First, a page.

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First-Citizens Bank & Trust Co. v. Harrison

Court of Appeals of Washington, Division 2

June 3, 2014

First-Citizens Bank & Trust Company, Respondent,
v.
Robert Randall Harrison et al., Appellants

Oral Argument March 25, 2014.

Page 809

Appeal from Pierce County Superior Court. Docket No: 10-2-10384-3. Date filed: 05/08/2012. Judge signing: Honorable Stephanie a Arend.

Erik F. Ladenburg and John W. Ladenburg Jr. (of Sadler Ladenburg LLP ), for appellants.

Brian M. King and Ingrid L.D. McLeod (of Davies Pearson PC ), for respondent.

AUTHOR: Bradley A. Maxa, J. We concur: J. Robin Hunt, P.J., Thomas R. Bjorgen, J.

OPINION

Page 810

Maxa, J.

[181 Wn.App. 597] ¶ 1 25 U.S.C. § 410 provides that money accruing from any lease of Indian land the United States holds in trust for a Native American is not liable for the payment of any debt or claim against that Native American. The issue here is whether the statute applies when lease payments from Indian trust land are distributed to a Native American and placed in a private bank account.

¶ 2 Tiffany and Robert Harrison appealed the trial court's summary judgment award to First-Citizens Bank & [181 Wn.App. 598] Trust Company for its breach of contract lawsuit based on the Harrisons' failure to pay on a promissory note. First-Citizens cross appealed on the trial court's ruling that Native American Tiffany Harrison's personal bank accounts containing proceeds from the lease of her Indian trust land were exempt under 25 U.S.C. § 410 from garnishment to collect First-Citizens' judgment against the Harrisons. After the initial briefs were filed in this court, the Harrisons voluntarily withdrew their appeal.

¶ 3 We address First-Citizens' cross appeal, holding that (1) First-Citizens is judicially estopped from contesting that the money in the Harrisons' bank accounts derived solely from the lease of Indian trust land, and (2) the 25 U.S.C. § 410 exemption extends to money accruing from the lease of Indian trust land even after the money is placed in a Native American's personal bank account. Accordingly, we affirm. We also award First-Citizens its reasonable attorney fees and costs incurred in responding to the Harrisons' voluntarily dismissed appeal.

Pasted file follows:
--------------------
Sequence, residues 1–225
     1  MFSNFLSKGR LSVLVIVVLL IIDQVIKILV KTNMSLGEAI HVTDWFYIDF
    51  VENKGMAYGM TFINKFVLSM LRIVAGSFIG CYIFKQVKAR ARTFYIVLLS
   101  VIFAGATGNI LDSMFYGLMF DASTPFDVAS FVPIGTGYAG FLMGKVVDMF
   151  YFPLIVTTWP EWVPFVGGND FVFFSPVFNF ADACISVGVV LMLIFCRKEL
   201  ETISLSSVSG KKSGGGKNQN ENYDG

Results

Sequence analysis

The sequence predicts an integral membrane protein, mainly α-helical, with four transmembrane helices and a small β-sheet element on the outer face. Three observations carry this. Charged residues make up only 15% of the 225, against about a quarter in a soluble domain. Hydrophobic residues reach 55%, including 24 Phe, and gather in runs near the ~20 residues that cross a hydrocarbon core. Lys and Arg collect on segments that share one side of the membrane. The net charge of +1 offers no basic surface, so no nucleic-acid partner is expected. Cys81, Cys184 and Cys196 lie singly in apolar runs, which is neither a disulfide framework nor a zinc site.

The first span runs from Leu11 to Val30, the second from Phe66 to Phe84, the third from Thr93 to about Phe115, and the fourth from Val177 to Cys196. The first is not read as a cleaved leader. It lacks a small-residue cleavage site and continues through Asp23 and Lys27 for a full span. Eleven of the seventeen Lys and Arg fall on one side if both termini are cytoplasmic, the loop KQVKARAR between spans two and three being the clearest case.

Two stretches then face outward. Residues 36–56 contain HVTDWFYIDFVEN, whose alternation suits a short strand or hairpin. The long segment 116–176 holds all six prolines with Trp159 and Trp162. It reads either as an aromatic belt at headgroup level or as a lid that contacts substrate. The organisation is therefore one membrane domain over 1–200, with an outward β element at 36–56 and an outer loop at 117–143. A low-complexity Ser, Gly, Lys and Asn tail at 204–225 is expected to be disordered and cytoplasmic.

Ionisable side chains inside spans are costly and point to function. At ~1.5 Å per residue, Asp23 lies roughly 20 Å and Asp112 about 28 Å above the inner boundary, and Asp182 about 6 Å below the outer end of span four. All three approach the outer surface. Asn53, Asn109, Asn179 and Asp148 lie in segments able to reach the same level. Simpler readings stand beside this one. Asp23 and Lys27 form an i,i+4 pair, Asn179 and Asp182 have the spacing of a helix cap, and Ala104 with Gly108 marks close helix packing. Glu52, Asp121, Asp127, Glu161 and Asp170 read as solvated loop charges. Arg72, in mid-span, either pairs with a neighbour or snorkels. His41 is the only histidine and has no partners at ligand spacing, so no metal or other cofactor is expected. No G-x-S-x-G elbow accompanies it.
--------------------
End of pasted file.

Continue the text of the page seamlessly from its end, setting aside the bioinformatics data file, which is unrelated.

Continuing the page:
FACTS

¶ 4 First-Citizens filed a breach of contract lawsuit against the Harrisons for failure to pay a promissory note based on a line of credit. The trial court entered an order

Page 811

granting summary judgment in favor of First-Citizens on its claim, and awarded First-Citizens its reasonable attorney fees based on a contractual provision in the promissory note. This order resulted in a $161,831.97 judgment against the Harrisons.

¶ 5 First-Citizens sought to satisfy its judgment by garnishing the Harrisons' personal bank accounts at Banner Bank, Fife Commercial Bank, and Key Bank. Tiffany Harrison is an enrolled member of the Puyallup Tribe. The Harrisons claimed that the funds in their Banner Bank and Fife Commercial Bank accounts contained money only from the lease of Indian trust lands and therefore were exempt [181 Wn.App. 599] from garnishment under 25 U.S.C. § 410. First-Citizens objected to and moved to strike the Harrisons' exemption claims, arguing that the Harrisons did not specifically identify the nature of the funds in the accounts and that 25 U.S.C. § 410 is not applicable to money deposited into a Native American's personal bank account.

¶ 6 During oral argument on First-Citizens' motion to strike the Harrisons' claimed exemptions, First-Citizens assured the trial court that an evidentiary hearing regarding the source of the funds in the Harrisons' bank accounts was unnecessary because it was not disputing that the funds derived directly from Indian trust land. Based on the understanding that the parties' dispute was purely a legal one, the trial court heard argument on whether funds derived from Indian trust land deposited into a personal account were exempt from garnishment under 25 U.S.C. ยง 410. The trial court agreed with the Harrisons that ...


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